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UK Business Forecast for 2018

The dust and glitter of the festive season has now settled and we’re already well into the first month of 2018 so today we’re going to take a look at what business owners here in the UK can expect in the coming year.  

Slow consumer spending growth has dragged down the UK’s GDP growth over the last two year and this growth is predicted to slow from 1.5% in 2017 to 1.4% in 2018.  Despite a rise in exports and public investment, Brexit is having a negative effect and the Prime Minister’s defeat in the House of Commons by Conservative rebels on the crucial vote backing an amendment to her flagship European Union withdrawal bill.

Beyond Brexit, the key challenge facing the government is to boost UK productivity growth which will require an increase in both public and private investment in housing, transport infrastructure, skills and innovation with measures necessary to support growth across all regions of the country.

With some sectors reliant on EU27 workers (such as warehousing and construction; hotels and restaurants; and food manufacturing), migration will be an important issue in the post-Brexit policy.  Future net migration from the EU27 could reduce UK GDP in the future but should not bring a negative impact on the average UK income levels.

The Resolution Foundation (an independent think tank launched in 2005 aimed at improving the standard of living in the UK) is expecting zero growth in real wages over the course of the coming year as wage growth rises in line with inflation.  This is an improvement over 2017 when pay growth was overtaken by rampant inflation caused by the fall in Sterling following the Brexit vote.

Leaders in the UK tourist industry are predicting a bright and sunny 2018 following last year’s success.  With 2017 being looked back on as a record year for tourist numbers visiting the UK, overseas visits to Britain are expected to break through the 40 million barrier for the first time.  Spending by overseas tourists is expected to reach more than £26 billion (compared with £25.1 billion in 2017) making tourism one of our most valuable export industries.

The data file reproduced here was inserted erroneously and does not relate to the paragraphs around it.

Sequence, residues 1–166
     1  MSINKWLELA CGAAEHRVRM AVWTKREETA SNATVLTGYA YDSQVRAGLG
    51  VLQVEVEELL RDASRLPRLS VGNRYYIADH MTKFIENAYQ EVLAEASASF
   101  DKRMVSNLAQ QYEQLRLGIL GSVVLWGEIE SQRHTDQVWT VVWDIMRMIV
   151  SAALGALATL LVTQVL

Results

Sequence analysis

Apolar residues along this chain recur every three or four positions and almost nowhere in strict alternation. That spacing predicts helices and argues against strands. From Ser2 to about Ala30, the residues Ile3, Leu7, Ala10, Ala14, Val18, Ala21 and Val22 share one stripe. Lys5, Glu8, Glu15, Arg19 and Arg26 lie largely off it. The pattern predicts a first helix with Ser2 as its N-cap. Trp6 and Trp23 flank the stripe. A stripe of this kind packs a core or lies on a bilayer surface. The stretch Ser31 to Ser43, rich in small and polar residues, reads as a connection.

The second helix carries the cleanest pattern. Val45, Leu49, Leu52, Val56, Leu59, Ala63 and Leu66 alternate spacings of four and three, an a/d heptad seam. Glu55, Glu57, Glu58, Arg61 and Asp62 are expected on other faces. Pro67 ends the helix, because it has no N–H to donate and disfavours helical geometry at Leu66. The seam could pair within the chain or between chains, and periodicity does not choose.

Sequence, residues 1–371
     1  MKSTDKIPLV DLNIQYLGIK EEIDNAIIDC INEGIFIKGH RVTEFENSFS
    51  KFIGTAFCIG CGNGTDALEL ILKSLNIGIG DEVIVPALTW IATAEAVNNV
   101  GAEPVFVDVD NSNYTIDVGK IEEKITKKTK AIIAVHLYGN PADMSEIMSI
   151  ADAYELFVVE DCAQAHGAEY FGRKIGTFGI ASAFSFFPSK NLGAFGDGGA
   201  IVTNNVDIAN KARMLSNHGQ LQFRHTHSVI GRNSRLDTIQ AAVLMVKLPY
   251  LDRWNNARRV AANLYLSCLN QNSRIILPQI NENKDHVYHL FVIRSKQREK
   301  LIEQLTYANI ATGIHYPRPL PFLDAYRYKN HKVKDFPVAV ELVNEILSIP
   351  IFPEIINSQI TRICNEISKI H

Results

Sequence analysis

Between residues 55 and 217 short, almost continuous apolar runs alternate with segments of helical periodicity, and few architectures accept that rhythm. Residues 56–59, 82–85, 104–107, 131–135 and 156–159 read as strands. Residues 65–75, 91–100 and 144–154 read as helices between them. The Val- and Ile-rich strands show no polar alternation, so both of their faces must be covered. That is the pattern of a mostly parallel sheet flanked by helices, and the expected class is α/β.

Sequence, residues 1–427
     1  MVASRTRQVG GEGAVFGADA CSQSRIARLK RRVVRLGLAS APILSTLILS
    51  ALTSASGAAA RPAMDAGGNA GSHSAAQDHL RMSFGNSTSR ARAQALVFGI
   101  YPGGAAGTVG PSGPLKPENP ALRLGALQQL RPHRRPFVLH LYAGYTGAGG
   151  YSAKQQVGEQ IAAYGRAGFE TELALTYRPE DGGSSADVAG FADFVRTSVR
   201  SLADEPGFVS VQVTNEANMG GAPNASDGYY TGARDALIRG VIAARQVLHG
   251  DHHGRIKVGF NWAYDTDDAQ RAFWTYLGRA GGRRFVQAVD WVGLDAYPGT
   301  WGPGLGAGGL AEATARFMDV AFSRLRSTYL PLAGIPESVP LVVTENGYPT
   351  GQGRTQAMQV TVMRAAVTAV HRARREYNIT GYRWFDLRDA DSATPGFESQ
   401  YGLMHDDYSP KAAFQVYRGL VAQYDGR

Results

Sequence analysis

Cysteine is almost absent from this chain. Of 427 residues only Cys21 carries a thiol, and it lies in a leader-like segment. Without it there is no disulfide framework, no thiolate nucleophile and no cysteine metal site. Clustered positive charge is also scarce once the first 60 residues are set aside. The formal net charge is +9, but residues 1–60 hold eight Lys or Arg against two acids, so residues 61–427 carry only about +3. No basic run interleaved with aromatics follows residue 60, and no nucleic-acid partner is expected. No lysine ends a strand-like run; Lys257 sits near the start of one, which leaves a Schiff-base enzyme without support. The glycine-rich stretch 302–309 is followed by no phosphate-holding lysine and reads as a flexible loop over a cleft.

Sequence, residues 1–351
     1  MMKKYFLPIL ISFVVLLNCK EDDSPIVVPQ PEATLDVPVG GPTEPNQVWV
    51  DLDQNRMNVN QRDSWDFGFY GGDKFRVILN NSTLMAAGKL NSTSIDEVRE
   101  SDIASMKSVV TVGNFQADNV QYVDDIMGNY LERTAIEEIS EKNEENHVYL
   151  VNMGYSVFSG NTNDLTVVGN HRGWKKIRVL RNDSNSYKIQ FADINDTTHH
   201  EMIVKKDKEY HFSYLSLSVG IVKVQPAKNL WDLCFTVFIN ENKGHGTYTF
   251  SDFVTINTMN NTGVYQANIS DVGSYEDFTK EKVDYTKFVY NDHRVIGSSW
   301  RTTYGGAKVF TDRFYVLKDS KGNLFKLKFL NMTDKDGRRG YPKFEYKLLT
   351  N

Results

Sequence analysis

The OECD (the Organisation for Economic Co-operation and Development which is based in Paris) warns that the UK economy will slow rapidly in 2018 as we head towards a hard Brexit.  This is based on the assumption that the UK will leave the EU in March 2019 without a free trade deal with the r3est of Europe which will undermine both business and consumer confidence over the next twelve months.  With Prime Minister Theresa May hoping to secure a transition deal, some Conservative MPs believe that her efforts will fail, meaning that the UK would then have to trade with the rest of Europe on the basic World Trade Organisation (WTO) rules, including the imposition of tariffs and lengthy and intrusive customs checks.

In response to the OECD forecasts, a spokesperson for the Treasury claims that our economy has grown continuously for four years and there is a record number of people in work.  However, we’re warned not to be complacent and that the focus on restoring productivity growth must continue as it is the only way to deliver higher wages and higher living standards for people across the UK.